5 Tips to Create a User-Friendly Library Website

Navigating through a site with of a plethora of information can be overwhelming and stressful for some users. Here are five tips to help optimize the accessibility of your library website, without the hair pulling:

nav2     1. Keep the Navigation Simple 

Although it may seem obvious, always keep your navigation in a standard, easy to find location. It is recommended that there should be only five to six navigation topics at the most. Having too many options can become confusing for users. The most important categories should be placed at the beginning so they are easy to find. It is okay to have subcategories, but try to avoid drop down menus. If you have a lot of content with many subcategories, try using big “mega menus” to display the topics.

     2. Easy Search Access

Searching is a primary action on any library website. Having a search bar accessible on every page will help users find exactly what they are looking for, without wasting time. Providing an example within the search box guides users on how they should word their search.

responsive     3. Have a Responsive Design

The majority of online traffic now comes from smartphones and tablets. It is extremely important that your website design is compatible on any size device. If a user is unable to access a website on a device other than a computer, the site loses credibility and they are likely to never visit it again.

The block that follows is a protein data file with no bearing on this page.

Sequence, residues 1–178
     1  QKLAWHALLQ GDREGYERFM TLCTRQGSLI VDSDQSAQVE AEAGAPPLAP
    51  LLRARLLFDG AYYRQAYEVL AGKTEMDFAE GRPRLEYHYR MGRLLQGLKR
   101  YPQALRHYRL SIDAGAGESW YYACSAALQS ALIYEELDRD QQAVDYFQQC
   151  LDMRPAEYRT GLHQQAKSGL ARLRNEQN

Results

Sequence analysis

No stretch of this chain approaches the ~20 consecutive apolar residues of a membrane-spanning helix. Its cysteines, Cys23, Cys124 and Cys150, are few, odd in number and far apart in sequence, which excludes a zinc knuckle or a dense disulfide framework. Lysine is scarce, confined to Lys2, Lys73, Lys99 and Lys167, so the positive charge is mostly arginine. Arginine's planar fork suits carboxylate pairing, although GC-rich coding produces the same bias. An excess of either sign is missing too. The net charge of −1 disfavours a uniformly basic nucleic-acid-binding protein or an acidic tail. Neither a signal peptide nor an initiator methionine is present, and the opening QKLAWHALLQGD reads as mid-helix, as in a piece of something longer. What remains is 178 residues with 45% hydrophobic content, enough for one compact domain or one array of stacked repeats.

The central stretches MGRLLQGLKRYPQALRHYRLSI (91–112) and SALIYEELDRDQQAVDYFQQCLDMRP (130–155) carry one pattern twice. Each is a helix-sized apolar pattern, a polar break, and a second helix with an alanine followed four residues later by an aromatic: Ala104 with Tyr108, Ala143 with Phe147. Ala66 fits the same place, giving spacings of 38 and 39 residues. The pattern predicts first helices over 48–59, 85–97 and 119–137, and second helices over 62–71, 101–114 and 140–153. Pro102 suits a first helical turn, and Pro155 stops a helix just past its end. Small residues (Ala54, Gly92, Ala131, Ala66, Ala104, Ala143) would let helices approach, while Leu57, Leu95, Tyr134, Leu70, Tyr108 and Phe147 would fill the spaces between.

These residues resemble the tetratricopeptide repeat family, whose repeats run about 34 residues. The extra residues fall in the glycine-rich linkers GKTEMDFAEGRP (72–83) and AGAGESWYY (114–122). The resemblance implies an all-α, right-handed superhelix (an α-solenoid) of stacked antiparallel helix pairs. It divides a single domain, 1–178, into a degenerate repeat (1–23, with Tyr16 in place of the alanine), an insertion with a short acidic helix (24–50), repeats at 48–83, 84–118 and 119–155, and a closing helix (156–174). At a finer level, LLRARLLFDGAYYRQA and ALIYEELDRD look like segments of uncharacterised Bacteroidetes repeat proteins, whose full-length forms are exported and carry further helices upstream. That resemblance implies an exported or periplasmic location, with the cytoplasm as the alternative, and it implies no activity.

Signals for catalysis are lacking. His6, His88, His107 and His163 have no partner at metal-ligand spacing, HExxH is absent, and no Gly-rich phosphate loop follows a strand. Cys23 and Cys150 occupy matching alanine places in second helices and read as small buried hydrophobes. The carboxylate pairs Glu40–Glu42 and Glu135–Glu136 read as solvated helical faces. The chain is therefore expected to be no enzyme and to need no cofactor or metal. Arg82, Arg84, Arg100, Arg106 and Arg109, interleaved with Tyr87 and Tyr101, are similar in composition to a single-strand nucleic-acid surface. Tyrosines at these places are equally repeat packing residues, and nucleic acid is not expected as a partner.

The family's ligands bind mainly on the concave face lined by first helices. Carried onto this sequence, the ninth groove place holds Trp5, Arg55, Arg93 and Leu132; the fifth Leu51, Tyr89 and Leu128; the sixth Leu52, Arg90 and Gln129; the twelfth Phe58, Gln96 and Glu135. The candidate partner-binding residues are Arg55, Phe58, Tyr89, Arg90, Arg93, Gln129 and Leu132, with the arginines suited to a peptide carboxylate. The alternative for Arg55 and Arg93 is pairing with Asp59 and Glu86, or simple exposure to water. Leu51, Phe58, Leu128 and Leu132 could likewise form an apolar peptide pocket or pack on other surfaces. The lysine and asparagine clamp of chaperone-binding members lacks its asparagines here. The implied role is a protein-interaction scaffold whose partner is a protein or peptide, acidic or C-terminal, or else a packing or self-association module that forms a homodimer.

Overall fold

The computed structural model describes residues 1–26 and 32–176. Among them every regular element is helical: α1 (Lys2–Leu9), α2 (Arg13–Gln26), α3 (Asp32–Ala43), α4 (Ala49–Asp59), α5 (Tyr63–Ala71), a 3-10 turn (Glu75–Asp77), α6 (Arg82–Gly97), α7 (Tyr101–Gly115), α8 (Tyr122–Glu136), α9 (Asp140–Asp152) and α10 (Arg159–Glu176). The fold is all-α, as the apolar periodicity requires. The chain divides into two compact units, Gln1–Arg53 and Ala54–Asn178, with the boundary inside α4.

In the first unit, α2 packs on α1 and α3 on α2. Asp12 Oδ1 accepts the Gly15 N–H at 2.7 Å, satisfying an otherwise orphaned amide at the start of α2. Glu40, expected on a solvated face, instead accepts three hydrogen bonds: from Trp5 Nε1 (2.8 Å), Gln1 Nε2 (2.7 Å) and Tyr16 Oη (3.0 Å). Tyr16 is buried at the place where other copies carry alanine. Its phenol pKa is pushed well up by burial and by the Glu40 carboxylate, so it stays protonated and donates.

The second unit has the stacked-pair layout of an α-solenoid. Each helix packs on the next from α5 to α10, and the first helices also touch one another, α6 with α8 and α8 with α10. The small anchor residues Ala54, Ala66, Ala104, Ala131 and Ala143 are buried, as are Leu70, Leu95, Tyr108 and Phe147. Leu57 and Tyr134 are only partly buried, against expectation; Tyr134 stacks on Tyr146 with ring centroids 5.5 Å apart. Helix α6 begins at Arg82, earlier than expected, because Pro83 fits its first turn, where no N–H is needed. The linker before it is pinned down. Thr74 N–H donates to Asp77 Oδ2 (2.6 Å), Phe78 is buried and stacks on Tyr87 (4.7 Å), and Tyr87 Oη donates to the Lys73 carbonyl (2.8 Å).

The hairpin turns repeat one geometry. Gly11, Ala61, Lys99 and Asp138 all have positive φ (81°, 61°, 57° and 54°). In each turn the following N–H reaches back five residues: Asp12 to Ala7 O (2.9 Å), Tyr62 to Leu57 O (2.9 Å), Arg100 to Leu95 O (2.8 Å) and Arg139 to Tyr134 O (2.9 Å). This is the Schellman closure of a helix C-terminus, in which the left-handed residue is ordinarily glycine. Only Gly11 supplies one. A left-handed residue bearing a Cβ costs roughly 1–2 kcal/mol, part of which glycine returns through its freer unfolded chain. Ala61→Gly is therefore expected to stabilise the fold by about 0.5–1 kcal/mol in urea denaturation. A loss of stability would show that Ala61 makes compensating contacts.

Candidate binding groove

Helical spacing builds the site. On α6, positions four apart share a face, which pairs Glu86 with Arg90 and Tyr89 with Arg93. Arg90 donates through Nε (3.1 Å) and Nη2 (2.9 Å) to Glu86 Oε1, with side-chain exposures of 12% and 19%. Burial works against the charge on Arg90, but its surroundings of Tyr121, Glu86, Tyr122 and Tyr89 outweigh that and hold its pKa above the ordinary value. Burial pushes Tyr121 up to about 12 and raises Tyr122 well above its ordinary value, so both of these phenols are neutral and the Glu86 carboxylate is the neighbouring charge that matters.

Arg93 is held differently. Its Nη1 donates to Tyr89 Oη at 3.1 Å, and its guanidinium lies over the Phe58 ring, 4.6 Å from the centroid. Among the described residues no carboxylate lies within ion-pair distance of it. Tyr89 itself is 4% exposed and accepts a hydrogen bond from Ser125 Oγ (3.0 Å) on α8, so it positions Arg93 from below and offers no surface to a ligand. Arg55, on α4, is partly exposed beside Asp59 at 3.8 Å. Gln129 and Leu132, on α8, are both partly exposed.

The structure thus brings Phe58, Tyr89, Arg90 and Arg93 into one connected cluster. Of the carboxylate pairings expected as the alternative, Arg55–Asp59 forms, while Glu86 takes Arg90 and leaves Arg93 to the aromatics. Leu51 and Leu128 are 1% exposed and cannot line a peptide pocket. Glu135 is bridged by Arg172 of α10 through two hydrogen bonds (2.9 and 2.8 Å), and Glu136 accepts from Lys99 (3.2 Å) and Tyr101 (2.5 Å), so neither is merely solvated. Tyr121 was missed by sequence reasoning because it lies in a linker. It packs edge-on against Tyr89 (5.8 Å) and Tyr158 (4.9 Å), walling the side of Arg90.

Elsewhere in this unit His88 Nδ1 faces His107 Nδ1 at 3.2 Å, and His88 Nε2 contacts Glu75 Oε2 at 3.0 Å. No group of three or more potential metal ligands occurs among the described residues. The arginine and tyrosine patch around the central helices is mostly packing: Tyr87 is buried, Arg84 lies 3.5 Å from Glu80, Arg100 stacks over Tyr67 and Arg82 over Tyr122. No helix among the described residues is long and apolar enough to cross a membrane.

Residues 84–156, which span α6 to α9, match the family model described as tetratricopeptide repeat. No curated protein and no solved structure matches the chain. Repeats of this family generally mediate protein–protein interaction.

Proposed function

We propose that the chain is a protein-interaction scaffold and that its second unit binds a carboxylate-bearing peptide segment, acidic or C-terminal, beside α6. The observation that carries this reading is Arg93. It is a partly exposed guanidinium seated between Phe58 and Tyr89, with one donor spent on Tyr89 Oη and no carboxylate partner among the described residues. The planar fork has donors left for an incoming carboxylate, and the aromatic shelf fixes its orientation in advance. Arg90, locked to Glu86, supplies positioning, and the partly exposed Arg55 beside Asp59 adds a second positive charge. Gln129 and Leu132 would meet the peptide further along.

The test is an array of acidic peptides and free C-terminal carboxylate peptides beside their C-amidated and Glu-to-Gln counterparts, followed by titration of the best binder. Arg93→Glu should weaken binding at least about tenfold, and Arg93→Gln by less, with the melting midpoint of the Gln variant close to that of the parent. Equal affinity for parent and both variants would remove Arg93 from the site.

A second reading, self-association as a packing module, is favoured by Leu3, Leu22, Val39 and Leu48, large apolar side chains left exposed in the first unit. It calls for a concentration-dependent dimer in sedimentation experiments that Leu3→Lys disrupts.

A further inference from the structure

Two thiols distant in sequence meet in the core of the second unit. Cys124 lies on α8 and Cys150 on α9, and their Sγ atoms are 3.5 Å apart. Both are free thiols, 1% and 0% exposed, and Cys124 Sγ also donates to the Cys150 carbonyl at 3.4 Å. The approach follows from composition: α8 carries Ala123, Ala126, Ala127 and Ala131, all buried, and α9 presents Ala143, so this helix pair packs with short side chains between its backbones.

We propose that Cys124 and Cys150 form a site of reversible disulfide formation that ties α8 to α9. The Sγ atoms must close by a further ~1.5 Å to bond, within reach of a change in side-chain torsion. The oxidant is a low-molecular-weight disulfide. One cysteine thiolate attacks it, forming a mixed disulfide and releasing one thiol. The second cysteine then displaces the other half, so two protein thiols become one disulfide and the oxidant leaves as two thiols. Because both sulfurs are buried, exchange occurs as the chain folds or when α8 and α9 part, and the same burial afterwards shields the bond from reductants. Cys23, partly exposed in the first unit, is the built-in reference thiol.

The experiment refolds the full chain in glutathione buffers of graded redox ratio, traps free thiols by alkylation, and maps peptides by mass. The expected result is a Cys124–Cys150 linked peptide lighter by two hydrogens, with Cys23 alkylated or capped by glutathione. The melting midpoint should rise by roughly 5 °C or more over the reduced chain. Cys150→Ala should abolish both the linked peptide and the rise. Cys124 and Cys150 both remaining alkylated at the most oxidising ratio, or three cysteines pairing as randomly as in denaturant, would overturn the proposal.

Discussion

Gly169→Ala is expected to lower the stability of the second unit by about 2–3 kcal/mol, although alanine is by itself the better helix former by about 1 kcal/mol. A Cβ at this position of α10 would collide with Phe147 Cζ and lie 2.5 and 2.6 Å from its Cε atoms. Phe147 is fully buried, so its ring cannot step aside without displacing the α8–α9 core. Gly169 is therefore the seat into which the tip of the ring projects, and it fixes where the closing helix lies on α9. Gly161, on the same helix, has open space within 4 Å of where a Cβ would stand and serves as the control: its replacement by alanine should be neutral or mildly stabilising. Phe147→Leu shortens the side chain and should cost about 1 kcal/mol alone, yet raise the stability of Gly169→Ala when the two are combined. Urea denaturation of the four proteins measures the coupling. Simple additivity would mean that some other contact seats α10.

dictionary     4. Eliminate Library Jargon

Most people are not familiar with specific library terms. Go through your content and make sure everything is written clear and in plain language. When necessary, providing explanatory text can help users understand unfamiliar terms. Asking a non-librarian to review your content can help validate the language.

access     5. Be Accessible to All Users

Inaccessible websites can be barriers to any user, especially those with disabilities. To ensure a site’s accessibility it should have: descriptive page titles, alt-text or off-screen text for images, captioned audio and video content, keyboard navigation, and usability for those who are colorblind. To test your library website for accessibility, you can use WAVE for free.

A little lost?

If you need help achieving these website goals and tips to improve your library website‘s usability, learn more about what Libby can offer or contact us!

See what's involved with a Library Website Redesign!